Exhuming & mocking a 14 year old “Masturbate & your hand is pregnant in the Afterlife” fatwa

(nb: See the UPDATE at the bottom.The title of this article is incorrect. I have not changed the title to ensure that visitors land on the right page.)

I have written several times here about the fetish for salacious fatwas. The latest one making the rounds reports that a Turkish Muslim televangelist said that people who masturbate will, in the Afterlife, find their hands are pregnant.

From Scott Campbell:

Preacher Mucahid Cihad Han looked puzzled while answering a viewer’s question about masturbation on Turkish television.

The caller said he “kept masturbating”, despite being married and even partook in the dirty act during an annual pilgrimage to Mecca.

But Han then warned the man that masturbation is forbidden in Islam.

He continued: “Moreover, one hadith states that those who have sexual intercourse with their hands will find their hands pregnant in the afterlife, complaining against them to God over its rights.”

“If our viewer was single, I could recommend he marry, but what can I say now?” the self-proclaimed televangelist added.

He also advised the viewer to “resist Satan’s temptations”.

Han was mocked on social media after declaring his fatwa on masturbation.

“Are there any hand-gynaecologists in the afterlife? Is abortion allowed there?” one Twitter user said.

Another added: “So you think that being pregnant is a God-given punishment?”

What piqued my interest here was not the fiqh issues or the veracity of the evidence. Rather, it was how Han is described and how recently the Q&A transpired.

Why is Han described as a “self-proclaimed televangelist”? Is it that Han described himself this way, and the author is drawing attention to the etymological difficulties in applying the portmanteau “televangelism” to a Muslim? It seems like anyone who uses TV to call others to a particular set of beliefs can be described as “televangelist” even if it depends upon a bit of metaphor and borrowing.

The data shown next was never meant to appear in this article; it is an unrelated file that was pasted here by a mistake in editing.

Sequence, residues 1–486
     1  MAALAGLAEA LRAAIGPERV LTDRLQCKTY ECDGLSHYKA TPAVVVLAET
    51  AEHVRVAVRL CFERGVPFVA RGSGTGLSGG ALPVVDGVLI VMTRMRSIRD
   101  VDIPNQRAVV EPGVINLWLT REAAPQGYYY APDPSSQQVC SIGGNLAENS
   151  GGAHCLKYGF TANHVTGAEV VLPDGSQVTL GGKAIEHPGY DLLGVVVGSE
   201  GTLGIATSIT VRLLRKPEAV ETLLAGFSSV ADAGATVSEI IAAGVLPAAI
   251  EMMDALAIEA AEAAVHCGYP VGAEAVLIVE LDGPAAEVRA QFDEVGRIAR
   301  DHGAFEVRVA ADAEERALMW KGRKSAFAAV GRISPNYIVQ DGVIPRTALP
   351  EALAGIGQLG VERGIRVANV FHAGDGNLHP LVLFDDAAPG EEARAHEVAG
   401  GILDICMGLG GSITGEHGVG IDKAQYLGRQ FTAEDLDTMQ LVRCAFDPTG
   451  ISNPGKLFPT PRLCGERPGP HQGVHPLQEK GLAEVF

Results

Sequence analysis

It is interesting how the third to last line’s mention of social media mockery leads us assume that what prompted the mockery is also recent. Another article reports that Han said this on a TV show 14 years ago. If so, it is the recent exhumation of a 14 year-old show that prompted the mockery – not the show itself.

Whenever these stories come up it is difficult not to think about the motives of the people who initially reported on something that happened so long ago, as well as the motives of people several countries away then repeating the story. A slow news day? A distraction to keep our attention away from something important? The frequency of these pieces makes me think that a more likely motivation is the desire to influence public opinion against Islam and Muslims.


 

UPDATE: I struck out a paragraph and another phrase because it turns out that this is a recent event and “2000” is not a year. The comments are recent and it looks like @mucahid_han  is retweeting everything written about it.

The rest of the article still stands. Outside of Turkey or places with large Turkish communities, why is this news?